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Partially erupted third molars as a potential source of infection in patients receiving peripheral stem cell transplantation for malignant diseases: a retrospective study

Artikel i vetenskaplig tidskrift
Författare David Öhman
Yvonne Björk
John Bratel
Camilla Kristiansson
Peter Johansson
Jan-Erik Johansson
Mats Brune
Bengt Hasséus
Publicerad i European Journal of Oral Sciences
Volym 118
Nummer/häfte 1
Sidor 53-58
ISSN 0909-8836
Publiceringsår 2010
Publicerad vid Institutionen för odontologi
Sidor 53-58
Språk en
Länkar dx.doi.org/10.1111/j.1600-0722.2009...
Ämnesord bone-marrow-transplantation, acute myeloid-leukemia, oral microflora, requiring hospitalization, hematologic malignancies, health-care, complications, chemotherapy, pericoronitis, therapy
Ämneskategorier Odontologi

Sammanfattning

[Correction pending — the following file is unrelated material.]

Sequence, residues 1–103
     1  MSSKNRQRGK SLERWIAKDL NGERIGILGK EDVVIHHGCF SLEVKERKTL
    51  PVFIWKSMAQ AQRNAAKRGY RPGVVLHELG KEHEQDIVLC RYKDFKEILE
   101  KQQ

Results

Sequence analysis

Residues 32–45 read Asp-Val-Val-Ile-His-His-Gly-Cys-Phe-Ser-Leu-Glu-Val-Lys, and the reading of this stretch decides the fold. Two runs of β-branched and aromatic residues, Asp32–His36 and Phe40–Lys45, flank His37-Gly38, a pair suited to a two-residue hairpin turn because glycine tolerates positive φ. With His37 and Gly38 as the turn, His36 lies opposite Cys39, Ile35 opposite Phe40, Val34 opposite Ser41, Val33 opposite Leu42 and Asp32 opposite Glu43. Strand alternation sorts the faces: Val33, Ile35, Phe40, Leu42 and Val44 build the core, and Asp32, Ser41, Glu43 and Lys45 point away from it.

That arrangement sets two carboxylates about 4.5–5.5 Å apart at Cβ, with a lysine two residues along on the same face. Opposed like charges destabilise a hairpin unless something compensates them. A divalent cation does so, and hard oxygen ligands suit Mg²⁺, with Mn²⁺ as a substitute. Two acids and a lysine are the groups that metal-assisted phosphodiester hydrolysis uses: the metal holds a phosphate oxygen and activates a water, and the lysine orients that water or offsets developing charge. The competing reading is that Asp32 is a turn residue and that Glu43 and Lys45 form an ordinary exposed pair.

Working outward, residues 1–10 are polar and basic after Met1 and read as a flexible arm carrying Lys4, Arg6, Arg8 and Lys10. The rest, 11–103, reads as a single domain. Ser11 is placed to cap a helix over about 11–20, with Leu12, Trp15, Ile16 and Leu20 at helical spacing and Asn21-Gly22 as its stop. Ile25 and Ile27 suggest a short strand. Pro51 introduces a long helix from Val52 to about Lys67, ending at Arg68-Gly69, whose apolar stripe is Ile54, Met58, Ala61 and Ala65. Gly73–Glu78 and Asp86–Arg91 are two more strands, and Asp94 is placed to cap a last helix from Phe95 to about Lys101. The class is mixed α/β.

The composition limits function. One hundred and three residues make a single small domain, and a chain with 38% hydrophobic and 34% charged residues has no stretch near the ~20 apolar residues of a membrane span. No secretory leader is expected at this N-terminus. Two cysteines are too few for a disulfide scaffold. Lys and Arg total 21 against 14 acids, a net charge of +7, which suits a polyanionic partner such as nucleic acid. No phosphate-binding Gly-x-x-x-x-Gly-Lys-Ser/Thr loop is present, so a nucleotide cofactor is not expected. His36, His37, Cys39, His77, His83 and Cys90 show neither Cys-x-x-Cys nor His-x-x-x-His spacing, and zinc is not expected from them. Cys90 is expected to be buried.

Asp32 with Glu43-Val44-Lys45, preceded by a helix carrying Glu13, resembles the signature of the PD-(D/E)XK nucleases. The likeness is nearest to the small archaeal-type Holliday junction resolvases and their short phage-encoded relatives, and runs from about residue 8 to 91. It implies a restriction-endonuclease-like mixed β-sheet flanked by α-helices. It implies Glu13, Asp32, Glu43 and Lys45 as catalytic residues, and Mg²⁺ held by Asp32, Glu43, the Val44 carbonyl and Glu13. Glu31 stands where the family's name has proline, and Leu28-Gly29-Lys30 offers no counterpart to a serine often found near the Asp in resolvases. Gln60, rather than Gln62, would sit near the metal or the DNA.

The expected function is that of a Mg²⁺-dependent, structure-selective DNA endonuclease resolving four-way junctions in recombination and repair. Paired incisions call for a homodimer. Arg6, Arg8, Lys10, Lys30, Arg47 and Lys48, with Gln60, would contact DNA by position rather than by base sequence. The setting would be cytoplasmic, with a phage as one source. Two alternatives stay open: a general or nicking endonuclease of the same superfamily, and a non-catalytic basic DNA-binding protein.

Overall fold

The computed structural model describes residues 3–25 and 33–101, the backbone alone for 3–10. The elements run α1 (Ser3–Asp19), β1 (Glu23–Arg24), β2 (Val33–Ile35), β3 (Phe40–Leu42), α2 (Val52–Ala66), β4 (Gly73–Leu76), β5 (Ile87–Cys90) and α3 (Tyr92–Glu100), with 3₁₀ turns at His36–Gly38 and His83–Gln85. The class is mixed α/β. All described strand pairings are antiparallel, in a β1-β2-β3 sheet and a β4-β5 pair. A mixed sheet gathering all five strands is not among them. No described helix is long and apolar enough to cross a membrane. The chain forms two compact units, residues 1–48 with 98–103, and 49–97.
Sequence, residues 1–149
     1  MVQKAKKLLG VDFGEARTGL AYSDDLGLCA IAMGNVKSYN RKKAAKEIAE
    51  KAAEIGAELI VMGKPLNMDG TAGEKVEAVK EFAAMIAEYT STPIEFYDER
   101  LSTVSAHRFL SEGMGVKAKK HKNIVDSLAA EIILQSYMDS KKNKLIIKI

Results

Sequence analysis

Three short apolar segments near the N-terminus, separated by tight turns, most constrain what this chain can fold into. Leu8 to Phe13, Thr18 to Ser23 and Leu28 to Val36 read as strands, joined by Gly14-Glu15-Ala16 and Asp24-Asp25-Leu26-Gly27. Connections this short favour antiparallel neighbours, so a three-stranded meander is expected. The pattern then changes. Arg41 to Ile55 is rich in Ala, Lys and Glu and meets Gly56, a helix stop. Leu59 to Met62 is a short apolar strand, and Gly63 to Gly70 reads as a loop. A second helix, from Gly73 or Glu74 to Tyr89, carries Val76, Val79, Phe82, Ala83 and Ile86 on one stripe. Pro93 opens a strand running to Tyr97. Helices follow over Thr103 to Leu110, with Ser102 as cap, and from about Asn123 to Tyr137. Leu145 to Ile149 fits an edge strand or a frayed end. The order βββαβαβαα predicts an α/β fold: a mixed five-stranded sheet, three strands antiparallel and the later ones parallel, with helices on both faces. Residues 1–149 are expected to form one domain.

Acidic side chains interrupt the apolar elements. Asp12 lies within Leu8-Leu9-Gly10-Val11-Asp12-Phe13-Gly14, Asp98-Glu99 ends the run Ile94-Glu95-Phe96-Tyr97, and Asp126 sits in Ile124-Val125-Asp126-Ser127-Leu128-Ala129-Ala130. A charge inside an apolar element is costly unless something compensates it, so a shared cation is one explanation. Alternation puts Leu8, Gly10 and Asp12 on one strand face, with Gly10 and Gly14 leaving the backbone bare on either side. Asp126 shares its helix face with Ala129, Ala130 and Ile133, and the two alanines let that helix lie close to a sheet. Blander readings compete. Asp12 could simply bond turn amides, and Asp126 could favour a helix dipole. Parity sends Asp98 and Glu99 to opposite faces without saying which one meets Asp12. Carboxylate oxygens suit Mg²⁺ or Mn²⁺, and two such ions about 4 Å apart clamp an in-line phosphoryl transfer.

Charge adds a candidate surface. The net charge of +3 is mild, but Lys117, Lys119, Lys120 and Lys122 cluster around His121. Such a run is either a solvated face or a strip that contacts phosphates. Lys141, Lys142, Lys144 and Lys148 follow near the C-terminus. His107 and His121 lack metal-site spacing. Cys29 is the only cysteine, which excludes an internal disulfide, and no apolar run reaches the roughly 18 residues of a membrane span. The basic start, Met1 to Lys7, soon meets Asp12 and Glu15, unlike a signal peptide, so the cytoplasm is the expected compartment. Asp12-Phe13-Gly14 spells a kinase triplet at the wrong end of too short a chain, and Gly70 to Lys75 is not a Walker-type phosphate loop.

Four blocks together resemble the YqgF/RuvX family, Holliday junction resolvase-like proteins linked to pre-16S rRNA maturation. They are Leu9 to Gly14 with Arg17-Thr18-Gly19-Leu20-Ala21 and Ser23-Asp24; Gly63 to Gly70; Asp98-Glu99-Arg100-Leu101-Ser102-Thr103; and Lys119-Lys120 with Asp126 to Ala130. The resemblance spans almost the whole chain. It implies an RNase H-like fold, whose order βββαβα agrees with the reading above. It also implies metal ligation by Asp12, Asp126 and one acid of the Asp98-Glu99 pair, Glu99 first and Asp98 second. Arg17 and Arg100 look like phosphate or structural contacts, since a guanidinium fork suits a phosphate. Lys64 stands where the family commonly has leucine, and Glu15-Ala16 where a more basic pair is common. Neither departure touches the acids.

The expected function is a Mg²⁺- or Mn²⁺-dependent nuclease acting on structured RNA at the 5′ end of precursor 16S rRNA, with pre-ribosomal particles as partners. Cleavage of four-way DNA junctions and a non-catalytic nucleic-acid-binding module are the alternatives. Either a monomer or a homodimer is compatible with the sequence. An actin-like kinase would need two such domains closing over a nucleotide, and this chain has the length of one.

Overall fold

Forty-four patients with malignant diseases for which they received peripheral stem cell transplant therapy (PSCT) were retrospectively studied regarding local and systemic infection originating from around partially erupted third molars (PEMs). Twenty-two patients had one or more PEMs, while 22 patients had none. Data were retrieved from medical and dental records. Systemic and local signs of infection and treatment were assessed. We recorded the number of transplanted CD34(+) blood stem cells, days with white blood cell counts < 0.5 x 10(9) l(-1), days until engraftment, maximum level of C-reactive protein (CRP), days with fever, positive blood cultures, days taking antibiotics, days drinking < 0.5 l, days of total parenteral nutrition, days receiving intravenously administered analgesics, and number of admission days. No statistically significant difference was detected between patients with PEMs and those without PEMs regarding any of the studied parameters. Of patients with PEMs, 36% (8 of 22) developed local infections around PEMs during the PSCT period. The study indicates that PEMs pose no significant risk of causing systemic infection in patients receiving PSCT for malignant diseases but increase the risk of developing a local infection, justifying close supervision and early treatment in cases of local infection during PSCT treatment.

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